How to Sell Your Business

Asset Sales and Share Sales

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If selling your small business is your succession plan, you will need to determine the best sales option for this important transaction. Whether you plan to sell your business to a partner, an internal management group, or an outside third party, there are two types of business sales from which to choose: asset sales and share sales.

Asset Sale

In an asset sale, you are selling the different assets that the business owns.

Assets may be:

  • Tangible: Land, buildings, equipment, cash, investments, and inventory
  • Intangible: The goodwill your business has built up during its years of operation, customer lists, patents, copyrights, and trademarks

If your business is not incorporated, for example, a sole proprietorship or partnership, an asset sale is the only selling option, as there are no share certificates of ownership to transfer in a sale. To determine a selling price for the business, the different assets of the business are individually appraised. 

The following table is an example of how a business's assets could be priced and set in an asset sale:

AssetValue
Equipment$10,000
Inventory$2,000
Accounts Receivable$4,000
Delivery truck$12,000
Trademark$10,000
Goodwill$20,000
Total:$58,000

This example shows that listing your assets and their value and totaling them to arrive at a selling price for your business is not as simple as it seems.

For example, if you decide that your business's goodwill  is worth $20,000, you will need to prove its value to a potential buyer, who may prefer to attribute this value to a tangible asset to negotiate a lower price. To avoid these complications, it is important to seek professional assistance to help assess and sell your business.

Sole Proprietorship Asset Sales

From an asset perspective, sole proprietorship business sales can be particularly difficult:

  • Because there is no distinction between personal and business assets in a sole proprietorship, problems may arise when it comes to transferring tangible assets. For example, if the business has been operated from home or from a building on the owner's property, relinquishing the asset in a sale of the business is problematic. Similarly, the owner may wish to retain other assets such as vehicles or equipment for personal use.
  • By definition a sole proprietorship is typically a one-person business and as such the owner's skills and experience often constitute most or all of the value of the business. In this case, it can become an almost purely intangible asset sale that is very difficult to value. As an example, a financial consultant wishing to sell their business may place a high value on having an extensive client list, but clients may not value the skills and experience of a new owner as highly and decide to take their business elsewhere.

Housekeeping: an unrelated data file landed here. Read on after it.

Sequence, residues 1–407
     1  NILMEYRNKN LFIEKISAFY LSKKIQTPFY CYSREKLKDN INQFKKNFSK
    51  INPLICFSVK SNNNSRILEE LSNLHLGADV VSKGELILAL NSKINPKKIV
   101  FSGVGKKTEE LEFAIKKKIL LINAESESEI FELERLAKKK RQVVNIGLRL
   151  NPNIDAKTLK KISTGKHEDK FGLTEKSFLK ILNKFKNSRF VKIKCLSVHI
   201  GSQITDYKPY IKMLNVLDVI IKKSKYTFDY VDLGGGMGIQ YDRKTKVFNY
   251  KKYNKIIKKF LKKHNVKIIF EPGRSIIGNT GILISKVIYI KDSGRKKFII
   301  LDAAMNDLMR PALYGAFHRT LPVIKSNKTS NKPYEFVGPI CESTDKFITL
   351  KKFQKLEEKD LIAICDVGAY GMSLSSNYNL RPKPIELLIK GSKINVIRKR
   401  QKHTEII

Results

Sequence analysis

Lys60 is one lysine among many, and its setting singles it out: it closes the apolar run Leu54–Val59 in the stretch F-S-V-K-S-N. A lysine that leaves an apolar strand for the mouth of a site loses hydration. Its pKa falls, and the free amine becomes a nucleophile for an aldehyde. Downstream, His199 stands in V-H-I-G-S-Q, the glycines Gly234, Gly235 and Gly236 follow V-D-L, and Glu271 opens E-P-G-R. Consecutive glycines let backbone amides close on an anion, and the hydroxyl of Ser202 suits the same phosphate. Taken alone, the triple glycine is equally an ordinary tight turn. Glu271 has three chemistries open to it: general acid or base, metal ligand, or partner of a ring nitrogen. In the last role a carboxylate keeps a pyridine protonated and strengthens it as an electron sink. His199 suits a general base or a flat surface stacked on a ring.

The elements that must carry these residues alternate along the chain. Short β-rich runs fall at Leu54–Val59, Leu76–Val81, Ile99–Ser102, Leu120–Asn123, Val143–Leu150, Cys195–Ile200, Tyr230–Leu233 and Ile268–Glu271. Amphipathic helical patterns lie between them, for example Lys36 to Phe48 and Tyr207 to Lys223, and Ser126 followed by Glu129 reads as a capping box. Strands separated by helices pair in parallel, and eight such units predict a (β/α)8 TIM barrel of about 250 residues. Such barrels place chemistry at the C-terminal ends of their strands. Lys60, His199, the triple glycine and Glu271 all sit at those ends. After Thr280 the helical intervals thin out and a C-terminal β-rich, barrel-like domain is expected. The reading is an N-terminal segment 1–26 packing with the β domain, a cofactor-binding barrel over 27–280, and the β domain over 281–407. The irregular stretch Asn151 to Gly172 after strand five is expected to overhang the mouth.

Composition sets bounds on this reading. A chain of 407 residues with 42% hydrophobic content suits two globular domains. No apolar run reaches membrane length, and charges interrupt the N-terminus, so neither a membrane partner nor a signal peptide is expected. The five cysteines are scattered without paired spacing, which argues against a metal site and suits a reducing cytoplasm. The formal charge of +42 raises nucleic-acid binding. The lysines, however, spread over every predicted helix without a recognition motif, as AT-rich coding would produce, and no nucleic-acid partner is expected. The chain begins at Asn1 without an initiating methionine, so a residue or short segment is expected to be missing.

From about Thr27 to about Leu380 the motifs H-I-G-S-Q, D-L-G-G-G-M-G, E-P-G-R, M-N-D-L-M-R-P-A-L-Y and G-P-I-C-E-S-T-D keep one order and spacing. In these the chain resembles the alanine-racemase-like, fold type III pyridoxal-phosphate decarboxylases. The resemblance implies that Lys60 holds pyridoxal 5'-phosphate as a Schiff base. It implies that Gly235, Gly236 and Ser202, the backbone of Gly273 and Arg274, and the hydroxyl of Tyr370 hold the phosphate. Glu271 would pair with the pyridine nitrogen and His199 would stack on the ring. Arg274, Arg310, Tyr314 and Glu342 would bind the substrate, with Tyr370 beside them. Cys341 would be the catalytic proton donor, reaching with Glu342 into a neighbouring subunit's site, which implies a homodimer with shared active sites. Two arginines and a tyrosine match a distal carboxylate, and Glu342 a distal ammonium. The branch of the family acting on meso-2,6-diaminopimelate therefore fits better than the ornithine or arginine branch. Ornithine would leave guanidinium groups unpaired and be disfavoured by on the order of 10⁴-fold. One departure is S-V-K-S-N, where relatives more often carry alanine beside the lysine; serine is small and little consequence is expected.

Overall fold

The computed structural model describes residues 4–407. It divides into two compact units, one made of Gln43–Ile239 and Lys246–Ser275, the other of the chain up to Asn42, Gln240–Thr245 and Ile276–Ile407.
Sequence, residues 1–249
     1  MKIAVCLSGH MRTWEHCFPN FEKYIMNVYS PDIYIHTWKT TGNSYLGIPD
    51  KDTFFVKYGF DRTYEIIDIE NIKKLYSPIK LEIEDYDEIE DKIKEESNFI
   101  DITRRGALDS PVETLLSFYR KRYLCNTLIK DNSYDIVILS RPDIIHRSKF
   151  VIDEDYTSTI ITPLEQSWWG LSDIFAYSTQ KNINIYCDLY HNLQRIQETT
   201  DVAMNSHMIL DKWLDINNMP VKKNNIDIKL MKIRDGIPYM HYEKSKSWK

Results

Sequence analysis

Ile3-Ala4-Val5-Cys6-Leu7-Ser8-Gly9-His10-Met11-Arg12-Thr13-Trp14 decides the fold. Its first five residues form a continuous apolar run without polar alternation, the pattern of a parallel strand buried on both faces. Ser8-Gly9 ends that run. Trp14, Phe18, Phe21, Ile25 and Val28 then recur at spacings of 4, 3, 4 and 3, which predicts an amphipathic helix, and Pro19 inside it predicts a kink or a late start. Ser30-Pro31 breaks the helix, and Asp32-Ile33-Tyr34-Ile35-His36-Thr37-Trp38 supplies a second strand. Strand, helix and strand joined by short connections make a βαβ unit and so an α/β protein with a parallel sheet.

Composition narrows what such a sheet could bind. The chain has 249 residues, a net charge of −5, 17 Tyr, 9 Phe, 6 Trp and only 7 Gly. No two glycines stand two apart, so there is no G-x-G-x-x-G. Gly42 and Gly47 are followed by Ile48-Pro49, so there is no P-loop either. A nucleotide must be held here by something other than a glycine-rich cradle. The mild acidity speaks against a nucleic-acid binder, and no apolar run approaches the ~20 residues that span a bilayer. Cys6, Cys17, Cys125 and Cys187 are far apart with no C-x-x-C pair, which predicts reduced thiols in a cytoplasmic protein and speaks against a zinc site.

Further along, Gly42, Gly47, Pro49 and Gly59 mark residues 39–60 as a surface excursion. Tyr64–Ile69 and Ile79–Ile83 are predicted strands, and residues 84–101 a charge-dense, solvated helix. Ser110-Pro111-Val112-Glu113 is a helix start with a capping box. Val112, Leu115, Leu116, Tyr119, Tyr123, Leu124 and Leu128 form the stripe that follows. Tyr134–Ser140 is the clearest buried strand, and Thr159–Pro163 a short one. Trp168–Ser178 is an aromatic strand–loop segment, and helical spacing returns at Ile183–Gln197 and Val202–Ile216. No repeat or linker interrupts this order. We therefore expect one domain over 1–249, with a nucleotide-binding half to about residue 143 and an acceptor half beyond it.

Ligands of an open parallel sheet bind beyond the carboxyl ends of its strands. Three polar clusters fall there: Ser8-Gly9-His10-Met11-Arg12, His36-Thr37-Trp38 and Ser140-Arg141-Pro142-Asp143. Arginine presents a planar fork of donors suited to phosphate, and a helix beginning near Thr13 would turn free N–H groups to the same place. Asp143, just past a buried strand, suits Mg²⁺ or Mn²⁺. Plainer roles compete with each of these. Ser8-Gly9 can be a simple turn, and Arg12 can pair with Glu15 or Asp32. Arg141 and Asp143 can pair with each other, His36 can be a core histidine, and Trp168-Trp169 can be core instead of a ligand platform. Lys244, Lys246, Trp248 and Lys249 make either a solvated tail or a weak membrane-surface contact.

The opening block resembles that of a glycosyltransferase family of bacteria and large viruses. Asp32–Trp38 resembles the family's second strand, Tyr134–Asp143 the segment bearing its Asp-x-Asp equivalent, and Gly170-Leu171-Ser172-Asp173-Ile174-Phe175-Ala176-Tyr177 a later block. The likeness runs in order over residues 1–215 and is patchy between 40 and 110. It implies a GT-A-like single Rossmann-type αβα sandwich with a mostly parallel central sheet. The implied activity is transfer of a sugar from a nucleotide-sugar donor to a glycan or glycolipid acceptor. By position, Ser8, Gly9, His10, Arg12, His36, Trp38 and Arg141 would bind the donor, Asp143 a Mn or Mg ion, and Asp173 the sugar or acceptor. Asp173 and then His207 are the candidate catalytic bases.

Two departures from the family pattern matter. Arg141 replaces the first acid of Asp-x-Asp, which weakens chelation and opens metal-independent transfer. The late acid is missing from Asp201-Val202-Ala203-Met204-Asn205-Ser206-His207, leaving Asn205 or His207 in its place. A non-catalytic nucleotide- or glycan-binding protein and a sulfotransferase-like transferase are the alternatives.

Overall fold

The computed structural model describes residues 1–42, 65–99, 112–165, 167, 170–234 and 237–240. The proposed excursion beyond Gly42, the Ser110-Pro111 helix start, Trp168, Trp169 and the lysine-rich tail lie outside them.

Share Sale 

The other type of business sale, the share sale—also known as a stock sale, simplifies matters because you are selling the shares of the business rather than its assets.

This can be an advantage because all of the business's liabilities are included in the sale; so as a seller, you are completely cleared of the business. 

The obvious catch to the share sale, however, is that your business has to be incorporated to be sold this way. So if you currently have a sole proprietorship or partnership that you want to sell, you may wish to restructure the business as a corporation first. 

Asset Sale vs. Share Sale

When comparing asset sales to share sales, it's important to consider the pros and cons of each option:

  • An asset sale can be used to sell any type of business; a share sale can only be used to sell an incorporated business.
  • In an asset sale, you can choose what you’re selling to a degree. For instance, you may want to keep the name of the business, or another particular asset. In a share sale, the entire business passes to the new owners, including items such as the business name.
  • In a share sale, the liabilities are sold along with the rest of the business; in an asset sale, only assets are sold, meaning that the original owner may still be responsible for the business’s liabilities.
  • Tax-wise, in a share sale, there is a possibility that the entire price you are paid for your business may be tax-free if you are able to write it off using your lifetime capital gains exemption. In an asset sale, this is not the case because business assets will be affected by the rules of Capital Cost Allowance.

Both types of business sales will have tax implications. You should seek the advice of an accounting or legal professional to determine the best type of business sale for your situation.